World-famous monks offer Taiwan a treat
BY KO SHU-LING, Taipei Times, Aug 14, 2005
The famous Shaolin monks are now in Taiwan, despite wrangling that has left the organizer and sponsor singing different tunes
Taipei, Taiwan -- Taiwan will get a rare, first-hand glimpse of 1,500-year-old kung fu skills after a group of fighting monks from the world-famous Songshan Shaolin Temple in China's Henan Province arrived on Thursday.
<< Children practice kung fu in Chiayi County yesterday, on the first day of a tour by a 19-member delegation from the Songshan Shaolin Temple.
PHOTO: YANG KUO-TANG, TAIPEI TIMES
The 19-member delegation, which will depart Sept. 1, began the first leg of its tour in Chiayi County yesterday. Other events will take place in Kaohsiung City, Taichung County, Hsinchu City and Ilan. During their visit the monks will share their skills with other martial-arts professionals and offer free demonstrations to the general public.
Shaolin kung fu, which features flying fists and acrobatic moves, is regarded by many as the most venerable of the Chinese martial arts. Dating from the year 495, Shaolin kung fu has in recent years been popularized by martial-arts movies starring the likes of Jet Lee.
Its appeal has spread across the globe: the US rap group Wu-Tang Clan was so smitten by kung fu movies that they referred to their home New York City borough of Staten Island as "Shaolin" in their lyrics. More recently, Hong Kong movie star Stephen Chow's 2001 comedy Shaolin Soccer -- in which a group of down-on-their luck monks form a soccer team to revive public interest in kung fu -- was a huge box office hit in the region.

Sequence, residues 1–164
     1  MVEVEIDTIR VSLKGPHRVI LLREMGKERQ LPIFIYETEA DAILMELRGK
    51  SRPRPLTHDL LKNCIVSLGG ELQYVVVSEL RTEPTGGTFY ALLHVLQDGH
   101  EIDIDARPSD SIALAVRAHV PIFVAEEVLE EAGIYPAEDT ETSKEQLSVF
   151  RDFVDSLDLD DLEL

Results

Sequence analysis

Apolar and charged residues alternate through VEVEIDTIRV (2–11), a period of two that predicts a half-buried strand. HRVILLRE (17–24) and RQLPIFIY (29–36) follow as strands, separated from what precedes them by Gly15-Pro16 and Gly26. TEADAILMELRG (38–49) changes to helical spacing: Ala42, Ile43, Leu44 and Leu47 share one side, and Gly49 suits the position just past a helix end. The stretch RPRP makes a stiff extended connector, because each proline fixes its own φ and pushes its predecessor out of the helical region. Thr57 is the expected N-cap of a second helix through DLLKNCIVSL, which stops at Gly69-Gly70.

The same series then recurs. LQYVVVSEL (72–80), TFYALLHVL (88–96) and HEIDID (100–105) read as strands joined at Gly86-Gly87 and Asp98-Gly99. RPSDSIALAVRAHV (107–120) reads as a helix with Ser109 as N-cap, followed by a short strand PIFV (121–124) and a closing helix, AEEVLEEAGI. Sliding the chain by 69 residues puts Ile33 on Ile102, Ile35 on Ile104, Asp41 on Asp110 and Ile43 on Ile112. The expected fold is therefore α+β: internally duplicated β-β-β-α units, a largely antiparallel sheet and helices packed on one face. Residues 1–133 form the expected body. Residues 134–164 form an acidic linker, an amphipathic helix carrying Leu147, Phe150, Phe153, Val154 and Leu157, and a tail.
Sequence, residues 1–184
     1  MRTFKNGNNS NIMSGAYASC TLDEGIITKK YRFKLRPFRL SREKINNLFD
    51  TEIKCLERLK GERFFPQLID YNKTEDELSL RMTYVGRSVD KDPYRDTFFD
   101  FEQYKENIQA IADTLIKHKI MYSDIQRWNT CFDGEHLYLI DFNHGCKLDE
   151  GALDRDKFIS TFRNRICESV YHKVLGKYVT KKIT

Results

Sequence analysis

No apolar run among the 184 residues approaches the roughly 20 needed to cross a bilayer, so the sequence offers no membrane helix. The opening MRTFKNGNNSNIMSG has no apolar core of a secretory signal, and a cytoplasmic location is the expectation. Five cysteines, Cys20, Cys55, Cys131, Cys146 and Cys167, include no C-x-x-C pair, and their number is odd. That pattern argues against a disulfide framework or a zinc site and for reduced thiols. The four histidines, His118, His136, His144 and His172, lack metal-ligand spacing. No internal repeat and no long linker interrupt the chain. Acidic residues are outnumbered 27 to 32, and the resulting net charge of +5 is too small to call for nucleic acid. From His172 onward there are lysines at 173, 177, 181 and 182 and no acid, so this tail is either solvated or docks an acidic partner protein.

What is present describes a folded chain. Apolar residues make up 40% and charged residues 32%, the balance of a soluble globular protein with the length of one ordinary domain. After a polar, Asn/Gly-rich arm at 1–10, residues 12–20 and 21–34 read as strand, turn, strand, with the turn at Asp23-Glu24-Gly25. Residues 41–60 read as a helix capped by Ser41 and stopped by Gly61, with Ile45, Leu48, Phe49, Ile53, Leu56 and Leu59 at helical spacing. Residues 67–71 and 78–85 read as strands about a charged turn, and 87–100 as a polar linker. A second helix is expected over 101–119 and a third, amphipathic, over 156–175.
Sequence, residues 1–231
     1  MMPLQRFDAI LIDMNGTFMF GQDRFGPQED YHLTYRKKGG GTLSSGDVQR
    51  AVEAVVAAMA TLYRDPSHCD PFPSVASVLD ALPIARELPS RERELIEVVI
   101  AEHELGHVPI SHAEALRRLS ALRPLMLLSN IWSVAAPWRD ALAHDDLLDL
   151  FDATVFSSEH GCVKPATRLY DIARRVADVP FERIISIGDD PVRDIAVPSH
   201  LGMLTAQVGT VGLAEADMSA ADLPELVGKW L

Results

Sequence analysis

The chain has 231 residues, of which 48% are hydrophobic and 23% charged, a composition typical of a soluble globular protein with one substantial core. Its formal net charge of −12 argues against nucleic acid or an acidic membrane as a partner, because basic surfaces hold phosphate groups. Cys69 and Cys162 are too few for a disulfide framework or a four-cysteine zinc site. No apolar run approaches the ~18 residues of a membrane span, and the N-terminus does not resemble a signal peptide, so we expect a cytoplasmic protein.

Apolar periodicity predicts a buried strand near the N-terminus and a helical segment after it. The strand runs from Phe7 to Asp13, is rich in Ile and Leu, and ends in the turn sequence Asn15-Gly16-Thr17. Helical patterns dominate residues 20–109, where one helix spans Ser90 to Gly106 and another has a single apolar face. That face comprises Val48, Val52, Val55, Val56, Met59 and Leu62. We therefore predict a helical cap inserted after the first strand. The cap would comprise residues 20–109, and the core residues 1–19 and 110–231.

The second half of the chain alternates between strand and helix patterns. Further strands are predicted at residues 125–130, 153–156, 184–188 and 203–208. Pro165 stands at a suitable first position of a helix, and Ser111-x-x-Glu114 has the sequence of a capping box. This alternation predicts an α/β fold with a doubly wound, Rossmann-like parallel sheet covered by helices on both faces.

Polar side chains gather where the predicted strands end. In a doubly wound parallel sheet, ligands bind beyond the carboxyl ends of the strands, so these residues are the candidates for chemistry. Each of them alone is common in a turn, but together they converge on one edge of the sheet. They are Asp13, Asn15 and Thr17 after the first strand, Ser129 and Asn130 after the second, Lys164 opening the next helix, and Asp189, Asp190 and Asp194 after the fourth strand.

Now, Shaolin kung fu is being considered for inclusion in UNESCO's list of "Masterpieces of the Oral and Intangible Heritage of Humanity."
If accepted, it will become the third Chinese performance art after kunqu musical theater and guqin music to be include on the list. Kunqu is considered as one of China's oldest living operatic traditions, while guqin is believed to be one of the oldest Chinese stringed musical instruments.
In addition to the 19 members who are here, the organizer is trying to bring over 23 more, including the head monk of the temple, Shi Yongxin, on Aug. 23. That invitation is pending the approval of the Mainland Affairs Council (MAC).